• If applicable, incentives (eg $10 Ryerson BookStore gift card) for student participation in focus group or other data collection for student input.
  • Purchase of relevant supplemental reading materials, resources, site licenses, etc. 
  • ASL services
  • Please note that any new course proposals that are funded are subject to Departmental, Liberal Studies and any other Ryerson-wide approvals. 
  • Success in these competitions should NOT be treated as a form of Faculty-level approval for curriculum change. 
  • While not to be used as official approval to run a new course, all proposals need confirmation (email) from their Dept. Chair, Chair designate, or Curriculum Committee to proceed with their grant submission. 

The aim of these grants is to support and enhance Departments’ existing initiatives to achieve their equity objectives when it comes to addressing anti-Black and anti-Indigenous racism and other forms of discrimination, absences, and gaps.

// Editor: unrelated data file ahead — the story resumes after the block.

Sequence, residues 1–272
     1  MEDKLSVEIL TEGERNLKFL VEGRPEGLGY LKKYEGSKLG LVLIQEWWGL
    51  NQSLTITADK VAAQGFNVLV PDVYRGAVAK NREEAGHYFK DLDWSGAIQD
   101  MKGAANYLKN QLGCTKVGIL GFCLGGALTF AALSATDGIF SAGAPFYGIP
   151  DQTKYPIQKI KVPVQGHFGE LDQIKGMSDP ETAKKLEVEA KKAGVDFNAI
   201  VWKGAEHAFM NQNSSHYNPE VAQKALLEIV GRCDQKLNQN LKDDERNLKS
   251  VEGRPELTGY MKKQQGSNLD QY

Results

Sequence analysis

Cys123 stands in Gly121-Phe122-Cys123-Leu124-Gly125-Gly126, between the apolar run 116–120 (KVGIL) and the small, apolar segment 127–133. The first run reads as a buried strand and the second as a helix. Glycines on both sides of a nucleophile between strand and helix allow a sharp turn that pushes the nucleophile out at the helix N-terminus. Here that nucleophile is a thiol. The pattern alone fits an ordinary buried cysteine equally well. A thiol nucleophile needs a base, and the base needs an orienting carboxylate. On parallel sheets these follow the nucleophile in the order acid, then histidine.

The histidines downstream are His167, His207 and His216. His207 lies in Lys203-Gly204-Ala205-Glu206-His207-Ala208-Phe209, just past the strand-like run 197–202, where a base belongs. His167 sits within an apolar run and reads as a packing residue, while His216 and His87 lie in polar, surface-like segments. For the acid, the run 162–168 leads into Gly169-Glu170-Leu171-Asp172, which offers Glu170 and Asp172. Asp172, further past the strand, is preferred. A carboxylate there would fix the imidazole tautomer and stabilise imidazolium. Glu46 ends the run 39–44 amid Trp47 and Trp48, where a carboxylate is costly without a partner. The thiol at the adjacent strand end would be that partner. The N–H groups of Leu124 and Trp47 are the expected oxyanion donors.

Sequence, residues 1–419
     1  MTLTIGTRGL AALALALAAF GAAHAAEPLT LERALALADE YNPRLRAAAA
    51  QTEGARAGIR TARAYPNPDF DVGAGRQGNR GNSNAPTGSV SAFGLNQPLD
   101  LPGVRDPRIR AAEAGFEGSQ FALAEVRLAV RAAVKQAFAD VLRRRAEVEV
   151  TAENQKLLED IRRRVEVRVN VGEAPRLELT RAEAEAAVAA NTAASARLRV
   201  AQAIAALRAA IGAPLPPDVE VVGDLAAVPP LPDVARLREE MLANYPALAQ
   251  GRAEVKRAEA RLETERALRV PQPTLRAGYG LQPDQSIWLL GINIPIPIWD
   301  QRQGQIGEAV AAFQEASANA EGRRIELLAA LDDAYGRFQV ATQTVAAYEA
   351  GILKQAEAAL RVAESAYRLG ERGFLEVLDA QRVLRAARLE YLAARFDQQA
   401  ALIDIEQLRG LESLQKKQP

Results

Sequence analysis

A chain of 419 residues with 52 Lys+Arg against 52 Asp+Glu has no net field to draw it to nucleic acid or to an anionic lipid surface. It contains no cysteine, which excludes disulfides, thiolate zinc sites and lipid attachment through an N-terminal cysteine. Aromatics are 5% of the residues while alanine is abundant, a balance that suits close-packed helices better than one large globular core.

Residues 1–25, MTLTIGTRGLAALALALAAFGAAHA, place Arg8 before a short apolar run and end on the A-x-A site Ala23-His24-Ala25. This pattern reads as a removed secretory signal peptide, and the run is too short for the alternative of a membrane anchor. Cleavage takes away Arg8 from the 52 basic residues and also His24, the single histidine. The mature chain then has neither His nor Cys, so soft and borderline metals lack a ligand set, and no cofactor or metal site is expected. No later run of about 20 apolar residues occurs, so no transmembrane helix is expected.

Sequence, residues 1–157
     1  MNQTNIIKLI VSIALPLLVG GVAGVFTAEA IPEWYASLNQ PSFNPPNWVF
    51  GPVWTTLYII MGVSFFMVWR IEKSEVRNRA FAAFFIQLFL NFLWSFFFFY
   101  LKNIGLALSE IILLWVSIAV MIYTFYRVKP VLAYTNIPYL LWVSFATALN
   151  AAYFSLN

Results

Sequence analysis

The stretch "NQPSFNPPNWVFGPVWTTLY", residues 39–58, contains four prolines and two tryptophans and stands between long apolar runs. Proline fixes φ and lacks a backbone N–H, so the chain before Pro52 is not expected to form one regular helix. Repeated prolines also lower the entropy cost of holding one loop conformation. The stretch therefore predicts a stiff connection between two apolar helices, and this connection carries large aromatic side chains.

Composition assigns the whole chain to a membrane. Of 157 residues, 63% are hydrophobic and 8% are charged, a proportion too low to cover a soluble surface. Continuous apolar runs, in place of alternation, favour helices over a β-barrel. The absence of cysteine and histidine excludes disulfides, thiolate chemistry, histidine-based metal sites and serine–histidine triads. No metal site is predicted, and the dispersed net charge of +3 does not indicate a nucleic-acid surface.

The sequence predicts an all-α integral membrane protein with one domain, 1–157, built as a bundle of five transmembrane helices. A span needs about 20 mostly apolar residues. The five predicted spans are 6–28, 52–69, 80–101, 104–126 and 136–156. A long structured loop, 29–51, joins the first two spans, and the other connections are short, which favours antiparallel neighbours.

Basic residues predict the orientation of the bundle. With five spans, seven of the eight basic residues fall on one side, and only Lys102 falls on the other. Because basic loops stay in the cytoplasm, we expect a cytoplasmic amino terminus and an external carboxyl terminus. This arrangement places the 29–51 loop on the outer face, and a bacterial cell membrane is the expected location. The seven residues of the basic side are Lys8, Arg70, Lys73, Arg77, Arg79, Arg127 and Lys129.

1. Clear rationale for course (re)design: 10% 
    1. Rationale should be described in relation to curriculum gaps, department vision (e.g. PPR), student demand and outreach, and links to related courses in the home department of faculty member(s).  
  2. Clear and feasible description of the proposed new or revised direction or content: 30%
    1. Briefly touch upon proposed course description, objectives, learning outcomes, list of possible resources, preliminary thoughts on assignment structure. 
    2. Clear explanation of the proposed experiential and community-engaged (CELT) initiatives, if applicable
  3. Nature and quality of the involvement and learning experience of student(s) and/or nature and community organization(s)/member(s): 30%
  4. Appropriateness of budget and rationale:  20%
    1. Clear and detailed breakdown of what funds are needed and how funds will be used.
  5. Clarity of the proposed plan for evaluation of outcomes, ensuring identification of clear tangible and concrete actions and outcomes: 10%
  • 4-5 member committee (with at least one student representative where possible)
  • Serve a one-year term, renewable once
  • Representation from Dean’s Advisors on Blackness and Black Diasporic Education and Indigenous Education, or their designates
  • Cross-Faculty, interdisciplinary representation with balance of SS & H (rotating annually to ensure representation of all departments over the 2 year period)
  • Past winners may be invited to adjudicate
  • Applicants are exempt from sitting on the adjudicating committee in the year in which they apply